How to Set Up Your LLC/Corporation to Maximize Legal Protection
Thank you for subscribing to the Dodge Legal e-newsletter. Here’s your free start-up business checklist. Click the button at the bottom of the page to download and print a copy of this page.
Notice to Start-Up Businesses
We have literally created hundreds of Companies. Although it is NOT legal advice, we will tell you how to get things for free or at very low cost as part of your formation process. A lot of start-ups make the mistake of over paying (or paying) for things they do not truly need or want at the formation stage. Be smart and get practical. We’ll give you the “been there, done that” tips.
Everything you need for Corporate or LLC formation can be done with $10 or less (excluding the investment in your Formation Package). You should not be spending hundreds of dollars on purchasing office space, website names, email addresses, brochures, and other marketing materials before you create your Company. You shouldn’t need to spend your dollars on an overpriced service or product, because you think it’s some sort of “legal” requirement.
- Decide on a business name for your entity:
When selecting your name, please be aware of legal issues such as trade names and deceptively similar business names. Think about marketing and domain names in relation to your business name too!
- Select the state where the company will be created:
Where will the principal office be registered? Will your company need to be qualified to transact business in other states? Consider any additional annual filings or fees.
- Determine your business location and take these steps:
• Home-based: check zoning requirements.
• Other location: Lease office or retail space and obtain the necessary furniture, equipment and supplies.
- Select a type of entity:Are you aware of the different types of entities and their attributes? What’s your best choice based on legal, tax, and commercial implications?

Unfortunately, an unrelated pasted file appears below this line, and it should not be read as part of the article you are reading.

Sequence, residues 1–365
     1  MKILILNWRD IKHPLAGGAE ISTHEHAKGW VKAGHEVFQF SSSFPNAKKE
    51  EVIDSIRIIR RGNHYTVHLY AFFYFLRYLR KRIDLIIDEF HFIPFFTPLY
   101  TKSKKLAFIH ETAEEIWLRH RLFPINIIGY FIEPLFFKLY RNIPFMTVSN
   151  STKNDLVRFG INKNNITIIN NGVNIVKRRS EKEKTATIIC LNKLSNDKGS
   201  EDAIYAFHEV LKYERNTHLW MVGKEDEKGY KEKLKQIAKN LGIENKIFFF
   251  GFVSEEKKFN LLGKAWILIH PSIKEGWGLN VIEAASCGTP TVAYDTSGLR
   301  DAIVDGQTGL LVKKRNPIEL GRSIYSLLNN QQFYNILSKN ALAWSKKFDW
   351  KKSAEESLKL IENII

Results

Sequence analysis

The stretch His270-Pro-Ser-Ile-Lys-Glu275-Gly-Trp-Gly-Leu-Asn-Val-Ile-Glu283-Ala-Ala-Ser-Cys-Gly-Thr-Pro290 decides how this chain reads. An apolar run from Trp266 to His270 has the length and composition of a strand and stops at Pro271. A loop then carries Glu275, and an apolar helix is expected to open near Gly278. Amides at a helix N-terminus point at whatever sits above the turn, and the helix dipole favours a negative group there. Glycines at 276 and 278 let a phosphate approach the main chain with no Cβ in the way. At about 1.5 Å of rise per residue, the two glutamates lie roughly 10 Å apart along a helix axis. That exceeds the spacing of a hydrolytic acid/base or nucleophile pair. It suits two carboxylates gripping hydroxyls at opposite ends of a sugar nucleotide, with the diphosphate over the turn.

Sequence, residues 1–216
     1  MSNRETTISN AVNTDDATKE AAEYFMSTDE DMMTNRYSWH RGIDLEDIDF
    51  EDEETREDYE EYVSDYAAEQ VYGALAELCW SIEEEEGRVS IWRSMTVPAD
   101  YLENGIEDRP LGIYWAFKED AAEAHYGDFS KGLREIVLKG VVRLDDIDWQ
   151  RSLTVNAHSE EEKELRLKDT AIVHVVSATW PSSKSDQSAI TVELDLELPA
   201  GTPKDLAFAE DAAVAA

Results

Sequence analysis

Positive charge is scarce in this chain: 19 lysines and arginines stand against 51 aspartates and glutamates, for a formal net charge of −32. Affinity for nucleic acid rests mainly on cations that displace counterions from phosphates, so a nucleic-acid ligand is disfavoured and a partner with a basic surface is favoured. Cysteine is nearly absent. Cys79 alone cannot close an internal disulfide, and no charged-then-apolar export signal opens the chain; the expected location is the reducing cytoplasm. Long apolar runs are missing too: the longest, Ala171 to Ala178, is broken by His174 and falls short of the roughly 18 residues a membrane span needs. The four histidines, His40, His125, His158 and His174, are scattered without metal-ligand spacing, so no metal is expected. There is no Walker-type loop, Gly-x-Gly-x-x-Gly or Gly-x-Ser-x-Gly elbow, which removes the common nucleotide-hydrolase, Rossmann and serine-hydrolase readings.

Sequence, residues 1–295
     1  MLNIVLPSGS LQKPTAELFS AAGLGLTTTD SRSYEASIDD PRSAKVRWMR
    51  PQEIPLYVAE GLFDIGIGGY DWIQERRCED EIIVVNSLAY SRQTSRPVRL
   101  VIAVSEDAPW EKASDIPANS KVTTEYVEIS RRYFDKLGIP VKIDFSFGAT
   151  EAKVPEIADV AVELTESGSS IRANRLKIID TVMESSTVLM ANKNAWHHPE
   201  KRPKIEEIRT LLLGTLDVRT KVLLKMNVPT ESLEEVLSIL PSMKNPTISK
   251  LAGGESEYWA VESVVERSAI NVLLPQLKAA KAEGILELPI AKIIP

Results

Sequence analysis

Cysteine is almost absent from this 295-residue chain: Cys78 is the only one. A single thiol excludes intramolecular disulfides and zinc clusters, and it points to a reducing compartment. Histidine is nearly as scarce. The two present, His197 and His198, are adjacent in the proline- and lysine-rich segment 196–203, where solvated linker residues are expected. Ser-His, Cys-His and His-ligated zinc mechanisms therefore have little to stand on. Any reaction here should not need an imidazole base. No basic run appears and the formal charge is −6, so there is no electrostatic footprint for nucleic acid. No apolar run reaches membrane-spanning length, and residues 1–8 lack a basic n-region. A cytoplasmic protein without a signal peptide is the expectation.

- File the appropriate formation document(s) with your state agency:
The name of this document differs by state; sometimes it’s called a Certificate of Formation, Articles of incorporation, or Articles of Organization. Before you file, make sure your business name meets statutory requirements and is available for use.
- Obtain an EIN (see my blog for How To Obtain an EIN for FREE in 5 Minutes):
It’s easier if you know whether your company will be taxed as a disregarded entity, partnership, C-Corp, or S-Corp.
- Obtain a state taxpayer identification number.
- Create and sign an operating agreement, such as Bylaws or Company Regulations:
Consider the rights of the owners, management, initial or on-going capital contributions, dissolution, and other issues.
- Conduct organizational meetings at least once a year.*
- Document your company’s organizational meeting with written Minutes.*
- Issue ownership interests with certificates and a transfer ledger:*
- Check your own state for other requirements, business certifications, licenses, etc. and obtain the necessary business licenses and permits.
- Ensure you comply with government requirements (e.g., unemployment insurance, worker’s compensation, OSHA, payroll tax requirements, self-employment taxes, etc.).
- Open a bank account for your entity:
Take your formation documents and your EIN with you to the bank.
- Learn to sign contracts and agreements as a business owner.
- Set up your business accounting and bookkeeping.
- File state and federal tax returns (even if you don’t owe any taxes).
Other good business practices:
- Start establishing your business credit.
- Determine what business insurance is needed.
- Create any necessary contracts, service agreements and invoices so you can easily bill customers, track payments and keep records.
- Create business cards, letterhead, envelopes, etc.
- Secure a domain name and create a website.
When selecting your domain name, please be aware of legal issues such as trade names and deceptively similar business names as well as legal terms and conditions
*Some states do not require this for LLCs, but we recommend this as a wise business practice for good governance.
This checklist and the accompanying instructional video presentation is for informational purposes only and should not be construed as legal advice. You should seek the advice of an attorney before making legal decisions.